October 30th, 2018

Crypto saints: decentralized charity organizations

Crypto saints: decentralized charity organizations

October 30th, 2018

The Night of All Saints is approaching, so it is about time to remember our crypto heroes that often remain forgotten – charity projects. Charitable organizations annually receive millions of dollars in donations. They help children and victims of humanitarian disasters, protect nature, invest in science and culture. That being said, society still does not trust them.

According to nfpsynergy  the level of trust in charitable organizations has gone down by six points in the past year. The main reasons are the opacity of budget distribution and the criticism they’ve been getting from media outlets.

Using the distributed registry technology to transfer and store data on donations or charitable payments is the best solution to increase trust in charity. In this case, blockchain represents a unique opportunity to store payees data.


The BitGive Foundation, created in 2013, revolutionized the donation process. It is the first registered non-profit organization to use bitcoins.

In 2016 BitGive announced the launch of GiveTrack beta, a multi-purpose blockchain-based donation platform. The service allows you to transfer, track, and keep records of all financial transactions around the world from start to finish.

GiveTrack users can monitor where and how the funds are being used. Connie Gallippi, the founder of the platform, believes that the connection between technology and charity is the connection between people and technology.

BitGive works with large organizations like Save the Children who accept payments in Bitcoins directly. But the biggest thing Galippi is proud of is the provision of safe water to the Women’s School in Shisango (Kenya).

He believes that charities will not stop receiving cash donations in traditional currency. But, in the end, blockchain technology will become the absolute norm as it protects against fraud, speeds up transactions, and it is cost-effective. Organizations using these technologies will come out ahead and become the support for the future of charity.


A British blockchain platform Alice.si is a social tool helping charities increase donations and clearly demonstrate their donors where the money went and what impact they have had at the same time.


As one of the open platforms for creating decentralized online services, Alice.si, freezes donations using Ethereum-based smart contracts until charitable organizations can demonstrate concrete results that are verified and confirmed by an independent third party. This means that a donation is guaranteed to reach the goal. If not, the money is returned to the donor.


According to Helperbit predictions, the problems of poverty, extreme natural events, and extreme climatic conditions could affect 325 million people by 2030.

This platform allows you to see the total number of donations received and check what they were spent on, so philanthropists can be sure that their money is used for its intended purpose.

Guido Baroncini Turricchia, the CEO and co-founder of Helperbit, says the company collaborates with major non-profits organizations, such as Swiss Re Foundation and Swiss Re Center for Global Dialogue. This allowed to create a multi-segment wallet, more than 5 bitcoins were donated to it.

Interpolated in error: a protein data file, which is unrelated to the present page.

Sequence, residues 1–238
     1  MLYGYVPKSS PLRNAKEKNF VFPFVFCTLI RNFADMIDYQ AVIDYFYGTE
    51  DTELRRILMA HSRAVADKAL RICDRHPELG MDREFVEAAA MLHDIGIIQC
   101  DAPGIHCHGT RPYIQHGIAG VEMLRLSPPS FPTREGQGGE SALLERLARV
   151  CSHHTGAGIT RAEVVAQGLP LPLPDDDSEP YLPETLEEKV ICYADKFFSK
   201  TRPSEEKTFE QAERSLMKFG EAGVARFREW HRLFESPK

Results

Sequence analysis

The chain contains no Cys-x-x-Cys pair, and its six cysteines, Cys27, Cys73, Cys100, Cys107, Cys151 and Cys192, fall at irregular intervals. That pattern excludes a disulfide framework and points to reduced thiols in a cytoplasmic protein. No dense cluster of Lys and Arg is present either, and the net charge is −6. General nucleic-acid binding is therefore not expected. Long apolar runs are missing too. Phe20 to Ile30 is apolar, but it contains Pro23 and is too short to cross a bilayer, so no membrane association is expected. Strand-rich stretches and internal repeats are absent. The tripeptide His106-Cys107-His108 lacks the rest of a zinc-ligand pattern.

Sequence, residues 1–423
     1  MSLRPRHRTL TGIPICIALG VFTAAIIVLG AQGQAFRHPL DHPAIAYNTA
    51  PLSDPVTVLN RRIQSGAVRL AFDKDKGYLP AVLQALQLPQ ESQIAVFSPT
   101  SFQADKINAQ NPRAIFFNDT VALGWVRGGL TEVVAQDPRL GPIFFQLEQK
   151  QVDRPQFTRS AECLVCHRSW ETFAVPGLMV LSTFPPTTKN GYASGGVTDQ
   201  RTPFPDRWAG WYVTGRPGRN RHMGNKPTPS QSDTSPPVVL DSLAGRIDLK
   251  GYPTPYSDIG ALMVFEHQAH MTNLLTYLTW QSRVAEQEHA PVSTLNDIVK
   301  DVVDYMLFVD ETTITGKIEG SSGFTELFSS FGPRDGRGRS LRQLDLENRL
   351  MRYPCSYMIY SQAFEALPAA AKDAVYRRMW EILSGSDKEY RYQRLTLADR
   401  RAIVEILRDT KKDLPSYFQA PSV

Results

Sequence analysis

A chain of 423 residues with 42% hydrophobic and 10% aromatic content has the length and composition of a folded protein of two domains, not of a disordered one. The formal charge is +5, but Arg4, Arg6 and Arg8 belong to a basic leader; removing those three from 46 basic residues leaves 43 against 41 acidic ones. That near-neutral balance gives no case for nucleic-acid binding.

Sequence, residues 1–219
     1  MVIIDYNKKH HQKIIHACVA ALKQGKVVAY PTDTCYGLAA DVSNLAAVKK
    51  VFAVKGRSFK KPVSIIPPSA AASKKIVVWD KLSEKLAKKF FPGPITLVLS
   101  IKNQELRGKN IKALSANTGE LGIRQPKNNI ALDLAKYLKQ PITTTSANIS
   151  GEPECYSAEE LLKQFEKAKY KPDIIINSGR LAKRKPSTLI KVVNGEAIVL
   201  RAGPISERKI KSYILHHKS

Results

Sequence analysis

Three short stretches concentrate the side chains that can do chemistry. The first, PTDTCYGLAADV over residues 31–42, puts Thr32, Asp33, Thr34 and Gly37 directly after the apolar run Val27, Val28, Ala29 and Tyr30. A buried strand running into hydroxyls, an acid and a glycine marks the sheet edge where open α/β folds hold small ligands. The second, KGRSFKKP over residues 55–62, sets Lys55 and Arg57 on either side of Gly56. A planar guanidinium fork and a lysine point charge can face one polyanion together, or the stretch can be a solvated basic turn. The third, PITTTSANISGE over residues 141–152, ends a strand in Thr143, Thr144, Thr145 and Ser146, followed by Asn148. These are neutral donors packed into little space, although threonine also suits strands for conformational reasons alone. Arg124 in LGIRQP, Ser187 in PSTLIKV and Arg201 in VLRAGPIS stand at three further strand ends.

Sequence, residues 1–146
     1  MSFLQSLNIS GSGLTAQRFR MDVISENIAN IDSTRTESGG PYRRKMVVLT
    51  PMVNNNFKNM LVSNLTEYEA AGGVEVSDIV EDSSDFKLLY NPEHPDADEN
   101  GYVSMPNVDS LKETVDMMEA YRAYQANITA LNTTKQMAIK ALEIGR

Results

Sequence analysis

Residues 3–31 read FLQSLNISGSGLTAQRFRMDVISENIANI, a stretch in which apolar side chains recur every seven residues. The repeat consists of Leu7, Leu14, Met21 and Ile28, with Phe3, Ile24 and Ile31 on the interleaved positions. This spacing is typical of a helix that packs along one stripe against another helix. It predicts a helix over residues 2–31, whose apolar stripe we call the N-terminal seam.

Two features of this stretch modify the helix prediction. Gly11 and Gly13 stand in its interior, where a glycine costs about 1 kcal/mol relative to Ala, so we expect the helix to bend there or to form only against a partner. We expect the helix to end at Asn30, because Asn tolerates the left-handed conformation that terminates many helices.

Both bitcoin and blockchain technologies have been actively discussed and condemned in the media for several years. The founder of Helperbit is sure that successful charity cases will clearly demonstrate the following: technology is just a tool and, therefore, can be used for good.

More crypto saints are using blockchain

TribeToken is an Ethereum-based decentralized digital charity platform created to fund charity projects using tokens. TribeToken allows anyone to contribute to a charity with minimum commission, guaranteed inflation and completely decentralization at any time from any place in the world. TribeToken uses Blockchain Ethereum to achieve almost instant transactions between charitable projects.

Electronic Frontier Foundation (EFF) is an American charitable organization that protects civil liberties in the digital world. Founded in 1990, EFF accepts bitcoins for donations since the spring of 2013. Cryptocurrency goes to policy research, Internet-related lawsuits and software development.

Code to Inspire (CTI) was established in Afghanistan in 2015. The Foundation organizes classrooms for Afghan women who are interested in getting an education in programming and online business. CTI opened their first school in Herat, Afghanistan and trained approximately 50 women daily. Since its inception, the organization has achieved significant results – hundreds of Afghan women have received technical education.

Common Collection is a Canadian organization that uses Bitcoin donations to help refugees and people in need. Many of the individuals listed on the Common Collection website have been affected by natural disasters.

Blockchain will not only solve issues with data storage and accelerated processing of financial transactions but give those in need a resource for collecting donations without the risk of losing or stealing funds.

This technology creates a new model for charity, where managing large sums of money requires complex accounting and a significant amount of research. It could be of great use to such organizations along with smart contracts and digital transactions.

With no need for intermediaries and all transactions being open, blockchain creates prerequisites for building trusting relationships, which is a key condition for charity development and collective funding of social initiatives.